(for example, separated by the separator arrangement 210) from interior 20 Ii of housing 201. Ejector tubes and valve arrangements analogous to 214 and 215 are known for a variety of air cleaners. Still referring to Fig. 7, air cleaner housing base 201a includes a main cartridge receiving a central section 220 therein, positioned above lower region 207.

Within an interior section 220 is positioned a serviceable main filter cartridge 225.

The main filter cartridge 225 generally comprises a media pack 226 of z-filter media in accord with the general descriptions above. Detailed discussions of the z-filter media pack 226 and main filter cartridge 225 are provided herein below, in connection with the description of Figs. 9 - 31.

For the particular air cleaner depicted in Figs. 6-8, filtering air flow through the main filter cartridge 225 occurs upwardly, i.e., air to be filtered enters flow end 229 of the main filter cartridge 225 and exits opposite flow end 230 of the main filter cartridge 225.

A housing seal arrangement mounted on the filter cartridge 225, discussed herein in connection with Figs. 9 - 13, provides a seal between the filter cartridge 225 and the housing 201, to inhibit unfiltered air flow from bypassing the cartridge 225.

The particular air cleaner 200 depicted, includes an optional secondary or safety filter assembly 240 positioned downstream from the main filter cartridge 225. The safety filter assembly 240 is discussed herein, in connection with Figs. 32 - 34. The safety filter 240 is mounted, in the example shown, in the air cleaner access cover 202.

Attention is now directed to Fig. 8, in which air cleaner 200 is shown in exploded view. Cover 202 is shown removed from housing base 201a. Main filter cartridge 225 and safety filter 240 are viewable. Support ring arrangement 244, comprising metallic half rings 245 is shown. These metallic half rings 245 provide assistance in clamping of service cover 202 on the body 201, by over center latches or clamps 250. In particular, the half rings 245 provide a good surface for engagement by the clamps 250.

Referring to Fig. 7, during a normal service operation cover 202 is undamped from body or base 201a. Body or base 201a remains in position in the vehicle under consideration. The typical location for air cleaner 200 would be under the hood of a vehicle such as a large truck. The cover 202 can be lifted off and, is desired can be provided with an optional hanger 254 by which cover 202 can be secured above the work area by service personnel, for example on a hook or similar structure attached to an interior of a raised vehicle hood. The optional safety filter 240 is typically configured to remain (if desired) secured in the cover 202 during this service operation.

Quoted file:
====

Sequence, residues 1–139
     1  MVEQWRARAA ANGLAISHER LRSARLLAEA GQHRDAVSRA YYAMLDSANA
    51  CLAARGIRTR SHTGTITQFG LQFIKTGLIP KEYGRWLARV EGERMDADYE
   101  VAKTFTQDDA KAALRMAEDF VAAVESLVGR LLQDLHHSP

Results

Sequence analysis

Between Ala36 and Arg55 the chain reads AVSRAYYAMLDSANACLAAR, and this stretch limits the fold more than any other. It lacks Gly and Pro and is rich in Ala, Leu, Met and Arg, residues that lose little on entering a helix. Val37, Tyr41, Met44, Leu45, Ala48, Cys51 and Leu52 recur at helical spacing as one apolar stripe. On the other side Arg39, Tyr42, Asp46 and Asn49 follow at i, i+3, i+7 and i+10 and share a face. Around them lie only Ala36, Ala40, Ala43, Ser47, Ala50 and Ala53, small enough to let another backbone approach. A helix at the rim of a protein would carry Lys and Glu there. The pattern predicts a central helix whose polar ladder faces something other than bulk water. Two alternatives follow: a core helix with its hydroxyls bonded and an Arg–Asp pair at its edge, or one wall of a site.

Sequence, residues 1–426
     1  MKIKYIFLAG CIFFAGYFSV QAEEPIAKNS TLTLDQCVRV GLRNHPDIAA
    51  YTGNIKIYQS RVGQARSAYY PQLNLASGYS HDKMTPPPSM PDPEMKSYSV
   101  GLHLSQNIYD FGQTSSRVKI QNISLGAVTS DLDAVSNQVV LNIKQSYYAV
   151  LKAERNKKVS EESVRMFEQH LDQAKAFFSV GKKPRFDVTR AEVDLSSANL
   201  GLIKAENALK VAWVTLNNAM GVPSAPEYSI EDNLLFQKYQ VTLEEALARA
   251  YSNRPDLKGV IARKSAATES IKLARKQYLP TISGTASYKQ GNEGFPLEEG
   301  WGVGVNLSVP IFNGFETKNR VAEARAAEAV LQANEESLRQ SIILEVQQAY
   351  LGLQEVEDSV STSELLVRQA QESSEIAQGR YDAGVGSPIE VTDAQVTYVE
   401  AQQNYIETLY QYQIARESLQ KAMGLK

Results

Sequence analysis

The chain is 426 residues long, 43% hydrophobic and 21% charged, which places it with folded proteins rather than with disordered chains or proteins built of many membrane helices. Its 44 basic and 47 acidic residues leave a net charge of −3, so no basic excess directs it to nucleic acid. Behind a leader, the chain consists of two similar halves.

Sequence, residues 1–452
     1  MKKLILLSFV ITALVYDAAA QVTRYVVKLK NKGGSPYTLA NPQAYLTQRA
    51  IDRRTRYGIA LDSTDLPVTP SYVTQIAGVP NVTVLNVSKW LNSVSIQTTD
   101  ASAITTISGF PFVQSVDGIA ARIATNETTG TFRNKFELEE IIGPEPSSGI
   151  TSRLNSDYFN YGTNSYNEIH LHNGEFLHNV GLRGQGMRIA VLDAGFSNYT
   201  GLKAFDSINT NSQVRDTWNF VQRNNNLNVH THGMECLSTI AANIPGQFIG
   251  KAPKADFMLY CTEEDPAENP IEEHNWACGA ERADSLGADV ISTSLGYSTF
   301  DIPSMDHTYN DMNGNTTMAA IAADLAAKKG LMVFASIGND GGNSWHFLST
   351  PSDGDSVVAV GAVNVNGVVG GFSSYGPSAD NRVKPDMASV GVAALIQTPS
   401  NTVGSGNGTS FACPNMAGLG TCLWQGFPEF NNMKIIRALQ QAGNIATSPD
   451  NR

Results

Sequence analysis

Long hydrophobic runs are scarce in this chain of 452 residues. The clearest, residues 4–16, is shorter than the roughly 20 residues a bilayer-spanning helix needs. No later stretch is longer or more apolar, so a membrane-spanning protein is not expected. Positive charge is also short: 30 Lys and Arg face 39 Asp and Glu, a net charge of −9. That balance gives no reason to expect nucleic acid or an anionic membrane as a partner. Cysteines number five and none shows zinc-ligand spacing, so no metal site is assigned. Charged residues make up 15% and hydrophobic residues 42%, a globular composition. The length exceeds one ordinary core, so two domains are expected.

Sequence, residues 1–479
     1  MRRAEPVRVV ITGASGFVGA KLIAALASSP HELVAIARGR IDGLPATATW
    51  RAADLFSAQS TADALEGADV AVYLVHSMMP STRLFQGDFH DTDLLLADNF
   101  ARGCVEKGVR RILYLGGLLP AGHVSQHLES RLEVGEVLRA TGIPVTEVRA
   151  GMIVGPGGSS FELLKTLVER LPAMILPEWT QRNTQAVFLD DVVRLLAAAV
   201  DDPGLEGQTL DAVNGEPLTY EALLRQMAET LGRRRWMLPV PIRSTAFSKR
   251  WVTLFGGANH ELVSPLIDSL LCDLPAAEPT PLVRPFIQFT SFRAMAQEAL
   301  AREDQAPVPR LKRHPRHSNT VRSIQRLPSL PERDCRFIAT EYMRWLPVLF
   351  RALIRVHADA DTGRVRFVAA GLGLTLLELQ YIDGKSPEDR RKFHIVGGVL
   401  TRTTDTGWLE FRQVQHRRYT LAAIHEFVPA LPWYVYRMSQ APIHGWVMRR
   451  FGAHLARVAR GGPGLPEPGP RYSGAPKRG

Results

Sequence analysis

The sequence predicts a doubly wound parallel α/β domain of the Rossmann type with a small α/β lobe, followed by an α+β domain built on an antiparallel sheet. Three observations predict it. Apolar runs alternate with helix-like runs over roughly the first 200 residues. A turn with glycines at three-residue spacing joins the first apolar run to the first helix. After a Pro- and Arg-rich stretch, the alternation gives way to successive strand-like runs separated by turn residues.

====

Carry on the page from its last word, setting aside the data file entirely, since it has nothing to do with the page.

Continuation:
The main safety filter cartridge 225 is then lifted out of the housing

201, for inspection and refurbishing or replacement. In some instances it may be desirable to also change out the safety filter 240, which can be accomplished by removing the safety filter 240 from cover

202, and replacing it with a similar or identical safety filter cartridge 240. However, it is anticipated that in many instances, the safety filter 240 will not be replaced during servicing. Referring still to Figs. 6-8, the air cleaner 200 is configured so that, if desired, body 201 can be formed in a rotomold process from plastic such as a cross- linked high density polyethylene. It is configured with a flange, shelf or shelf arrangement 260 therein on which filter cartridge 225 is positioned, during installation. The shelf arrangement 260 is formed with an upper, radial projection, surface or side 261, a lower, radial projection, surface or side 262 and a central axial wall 263 extending therebetween. The term "radial" and variants thereof, when used in this context, is meant to refer to a direction of extension toward or away from a central axis 270, Fig. 7, of the air cleaner housing body 201. The term "axial" in this context is meant to refer to a direction of extension generally parallel with a central axis 270.

In some alternate arrangements, the shelf arrangement 260 could have alternate constructions, for example, a single flange could be used.

Referring to Fig. 7, access cover 202 includes a seal surface 266 thereon, for the main cartridge 225; and, a secured seal surface 267 thereon, for safety cartridge 240. It is noted typically that surface 266 is sufficiently long so that tip 225T of the main cartridge 225 is spaced from tip 240T of safety cartridge 240, usually by at least 1.5 mm, upon installation, typically 2-5 mm, upon installation.

The cover 202 would typically be molded from a rigid material such as a glass filled nylon, for example 33% glass filled nylon 616.

B . The Main Filter Cartridge 225.